Playa is proud to announce 22 writers and artists have been awarded one-month stays as Fellowship Residents. The Fall session, which begins September 24 and concludes December 14, is Playa’s fourth session of residencies.
Thomas Bosket studied painting at Parsons School of Design and received his M.F.A. from Yale University in 1995. As an Assistant Professor and Coordinator of General Studio and Graphic Design in the AAS program at Parsons School of Design he has developed the Color Theory and Drawing curricula. Thomas is showing his paintings nationally at various galleries and arts organizations and received the honor of Distinguished Faculty Member of the Year at Parsons in 2002. He specializes in raw materials, anatomy, and color usage for artists and designers. He is available for consultation and workshops.
Katie Chase’s short fiction has been selected for Best American Short Stories and a Pushcart Prize, as well as appearing in such journals as Narrative, The Missouri Review, Prairie Schooner, and Zyzzyva. Her honors include fellowships from the MacDowell Colony, San José State University’s Steinbeck Center, and the Iowa Writers’ Workshop, where she received her MFA. Originally from a suburb of Detroit, she now lives in Portland, Oregon, where she began the novel she’ll be working on at Playa.
Sarah Rabkin is a writer, visual artist, and perpetual student of natural history. She studied biology at Harvard and science communication at the University of California, Santa Cruz, where she has taught expository writing, science journalism, and environmental literature courses for three decades. She has worked as a high school teacher, a syndicated Q&A columnist, an oral history interviewer, and a leader of writing and art workshops. Her book What I Learned at Bug Camp: Essays on Finding a Home in the World was published in 2011 by Juniper Lake Press. She lives on California’s central coast with her husband, poet Charles Atkinson.
Naomi Lore is a Brooklyn-based writer, musician, and photographer. She is building a travelogue based on the universal aspects of disparate places, as well as the effect of travel on our personal histories and national and ethnic identities. Her writing has appeared in Bellevue Literary Review, LUMINA, and Naugatuck River Review, among other publications and anthologies, and she was a recent writer-in-residence at Kimmel Harding Nelson Arts Center. She is a family member of the Intangible Collective and an alumnus of SUNY New Paltz, where she was the Tomaselli award winner for Poetry and the Outstanding Graduate of the Anthropology department.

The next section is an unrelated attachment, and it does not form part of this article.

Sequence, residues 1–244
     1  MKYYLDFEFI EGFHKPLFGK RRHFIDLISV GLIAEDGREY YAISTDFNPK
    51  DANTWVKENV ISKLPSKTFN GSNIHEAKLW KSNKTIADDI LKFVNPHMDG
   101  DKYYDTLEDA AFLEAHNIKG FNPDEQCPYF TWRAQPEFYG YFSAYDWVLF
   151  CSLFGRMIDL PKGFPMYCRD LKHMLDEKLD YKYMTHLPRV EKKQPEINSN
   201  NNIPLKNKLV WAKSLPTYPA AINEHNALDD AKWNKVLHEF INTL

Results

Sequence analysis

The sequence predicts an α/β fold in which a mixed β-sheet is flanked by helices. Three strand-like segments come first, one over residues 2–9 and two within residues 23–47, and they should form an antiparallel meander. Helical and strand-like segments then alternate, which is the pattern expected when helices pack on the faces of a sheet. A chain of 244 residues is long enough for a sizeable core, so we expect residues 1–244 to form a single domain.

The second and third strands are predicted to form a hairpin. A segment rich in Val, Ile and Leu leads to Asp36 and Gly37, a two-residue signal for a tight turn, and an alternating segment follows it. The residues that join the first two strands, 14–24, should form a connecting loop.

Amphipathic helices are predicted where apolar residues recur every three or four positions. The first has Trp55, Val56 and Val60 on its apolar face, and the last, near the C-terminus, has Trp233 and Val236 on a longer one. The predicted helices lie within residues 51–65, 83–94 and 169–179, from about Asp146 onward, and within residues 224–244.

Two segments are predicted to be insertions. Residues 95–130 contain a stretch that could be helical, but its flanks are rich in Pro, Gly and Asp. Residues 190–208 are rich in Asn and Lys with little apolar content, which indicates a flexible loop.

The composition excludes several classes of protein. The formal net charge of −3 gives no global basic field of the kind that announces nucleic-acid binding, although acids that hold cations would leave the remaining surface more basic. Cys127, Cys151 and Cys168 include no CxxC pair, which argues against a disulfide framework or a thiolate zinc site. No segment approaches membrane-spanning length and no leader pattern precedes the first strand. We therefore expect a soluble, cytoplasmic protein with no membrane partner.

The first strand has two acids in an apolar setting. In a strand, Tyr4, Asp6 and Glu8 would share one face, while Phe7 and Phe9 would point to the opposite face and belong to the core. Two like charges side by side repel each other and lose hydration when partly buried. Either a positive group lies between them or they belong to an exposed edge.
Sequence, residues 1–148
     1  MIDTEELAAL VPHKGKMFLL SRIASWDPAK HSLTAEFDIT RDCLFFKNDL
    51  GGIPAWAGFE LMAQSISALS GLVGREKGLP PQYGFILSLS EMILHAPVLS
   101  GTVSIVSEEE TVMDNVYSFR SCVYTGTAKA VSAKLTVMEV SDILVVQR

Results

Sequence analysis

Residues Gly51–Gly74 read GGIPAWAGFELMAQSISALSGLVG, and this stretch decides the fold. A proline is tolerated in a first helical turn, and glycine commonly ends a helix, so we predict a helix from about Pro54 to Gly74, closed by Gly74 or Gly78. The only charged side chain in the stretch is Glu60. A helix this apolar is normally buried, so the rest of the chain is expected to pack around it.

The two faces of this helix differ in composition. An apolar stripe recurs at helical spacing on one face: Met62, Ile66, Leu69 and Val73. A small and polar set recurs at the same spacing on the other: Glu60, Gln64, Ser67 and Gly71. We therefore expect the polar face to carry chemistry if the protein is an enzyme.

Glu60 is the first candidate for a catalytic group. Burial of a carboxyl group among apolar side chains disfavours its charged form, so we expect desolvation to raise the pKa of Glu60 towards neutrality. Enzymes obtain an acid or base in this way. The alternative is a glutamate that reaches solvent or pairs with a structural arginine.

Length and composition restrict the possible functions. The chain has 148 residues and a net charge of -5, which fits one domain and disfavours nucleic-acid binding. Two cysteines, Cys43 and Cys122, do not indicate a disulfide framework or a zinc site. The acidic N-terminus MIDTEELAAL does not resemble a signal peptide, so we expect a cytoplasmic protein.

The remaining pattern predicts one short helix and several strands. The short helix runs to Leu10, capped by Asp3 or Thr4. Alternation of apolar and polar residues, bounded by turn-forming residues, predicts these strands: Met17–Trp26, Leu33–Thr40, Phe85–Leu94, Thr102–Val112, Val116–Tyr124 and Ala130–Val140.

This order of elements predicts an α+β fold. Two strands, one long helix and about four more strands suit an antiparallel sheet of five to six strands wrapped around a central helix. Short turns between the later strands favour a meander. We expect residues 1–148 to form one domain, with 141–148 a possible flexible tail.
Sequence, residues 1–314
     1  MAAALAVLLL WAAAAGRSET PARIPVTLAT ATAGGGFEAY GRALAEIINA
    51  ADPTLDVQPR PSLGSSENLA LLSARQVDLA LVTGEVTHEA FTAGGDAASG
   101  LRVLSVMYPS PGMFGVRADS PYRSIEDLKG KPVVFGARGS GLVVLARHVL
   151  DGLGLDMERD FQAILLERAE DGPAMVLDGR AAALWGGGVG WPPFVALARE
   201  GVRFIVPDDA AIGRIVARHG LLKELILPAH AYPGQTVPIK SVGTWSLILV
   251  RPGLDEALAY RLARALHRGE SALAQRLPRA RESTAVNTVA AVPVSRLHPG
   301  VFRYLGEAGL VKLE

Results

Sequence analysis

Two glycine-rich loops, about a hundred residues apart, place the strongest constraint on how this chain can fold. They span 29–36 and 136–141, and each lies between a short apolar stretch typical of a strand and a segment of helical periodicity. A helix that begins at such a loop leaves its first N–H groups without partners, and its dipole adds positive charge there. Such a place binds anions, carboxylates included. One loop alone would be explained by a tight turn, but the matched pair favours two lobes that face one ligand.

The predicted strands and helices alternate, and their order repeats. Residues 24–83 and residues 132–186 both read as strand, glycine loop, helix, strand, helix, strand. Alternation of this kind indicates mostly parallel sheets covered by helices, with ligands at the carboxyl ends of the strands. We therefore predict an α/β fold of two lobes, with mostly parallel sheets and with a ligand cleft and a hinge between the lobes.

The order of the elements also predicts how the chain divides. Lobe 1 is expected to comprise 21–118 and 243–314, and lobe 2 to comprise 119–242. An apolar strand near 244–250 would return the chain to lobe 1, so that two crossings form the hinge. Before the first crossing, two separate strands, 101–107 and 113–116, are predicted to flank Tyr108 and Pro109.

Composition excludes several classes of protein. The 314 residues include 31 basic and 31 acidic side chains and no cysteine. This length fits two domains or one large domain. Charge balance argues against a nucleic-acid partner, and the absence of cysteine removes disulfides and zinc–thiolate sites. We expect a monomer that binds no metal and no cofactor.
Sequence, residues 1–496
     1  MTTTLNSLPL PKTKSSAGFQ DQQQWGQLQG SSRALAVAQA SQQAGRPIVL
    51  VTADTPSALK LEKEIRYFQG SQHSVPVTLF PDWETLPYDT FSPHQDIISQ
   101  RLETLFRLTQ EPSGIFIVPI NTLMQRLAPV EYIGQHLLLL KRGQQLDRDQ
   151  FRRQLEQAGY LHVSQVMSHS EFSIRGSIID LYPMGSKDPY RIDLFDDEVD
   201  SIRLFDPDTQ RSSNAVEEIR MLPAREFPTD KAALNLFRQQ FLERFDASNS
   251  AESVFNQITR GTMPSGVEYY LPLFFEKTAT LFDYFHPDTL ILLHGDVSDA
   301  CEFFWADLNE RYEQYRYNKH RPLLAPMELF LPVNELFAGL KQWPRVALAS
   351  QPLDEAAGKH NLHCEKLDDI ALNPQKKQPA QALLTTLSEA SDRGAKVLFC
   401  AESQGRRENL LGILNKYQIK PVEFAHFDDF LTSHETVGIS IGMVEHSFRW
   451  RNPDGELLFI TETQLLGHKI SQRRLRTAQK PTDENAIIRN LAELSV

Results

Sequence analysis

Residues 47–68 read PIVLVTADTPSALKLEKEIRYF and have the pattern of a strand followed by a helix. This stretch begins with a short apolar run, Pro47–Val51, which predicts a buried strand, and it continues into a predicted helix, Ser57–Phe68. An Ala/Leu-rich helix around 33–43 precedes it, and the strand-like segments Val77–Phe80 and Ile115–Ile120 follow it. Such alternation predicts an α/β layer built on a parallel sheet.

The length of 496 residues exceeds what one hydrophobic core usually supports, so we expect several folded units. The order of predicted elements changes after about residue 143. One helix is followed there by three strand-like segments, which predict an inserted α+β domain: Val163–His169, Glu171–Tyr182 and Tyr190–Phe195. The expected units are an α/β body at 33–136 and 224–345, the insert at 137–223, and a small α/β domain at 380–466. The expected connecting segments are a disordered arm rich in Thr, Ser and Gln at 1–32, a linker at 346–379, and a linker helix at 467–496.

Andrew Duclos has been drawing since childhood and has graphite works in many of private collections. He began painting in August 2009, when he attended a plein air painting workshop at the suggestion of a fellow artist. The workshop set Duclos on a new journey into color and light and painting the changing seasons in oils. He believes that successful art is an emotional experience, both for the artist and the viewer. It is not his goal simply to create a realistic likeness, but rather to share with the viewer a sense of “being there” as a reminder of our collective connection to the earth and its other inhabitants.
José McCarthy was born in 1938 in France. She went to medical school in Paris and practiced as a GP, then as a research statistician. She married an American in 1969 and moved to Topeka, Kansas, where her three children were born. There she completed a psychiatric residency, then worked in a hospital. Attracted by its beauty, she and her husband moved to Oregon in 1980, and she opened a solo practice in Eugene. McCarthy has remained in Eugene after retirement, among friends and family, and values the freedom to do creative work. She recently published a memoir describing family life during the long illness then death of one daughter.
Eliot Treichel is the author of the story collection Close Is Fine, which will be published by Ooligan Press in November 2012. His fiction and nonfiction have appeared in Narrative, Beloit Fiction Journal, CutBank, Passages North, as well as Canoe & Kayak, Paddler, and Eugene Magazine. His short story “Stargazer” was nominated for the 2012 New Stories from the Midwest anthology. A native of Wisconsin, Eliot now lives in Eugene, Oregon, where he teaches writing at Lane Community College. Visit him at www.eliottreichel.com.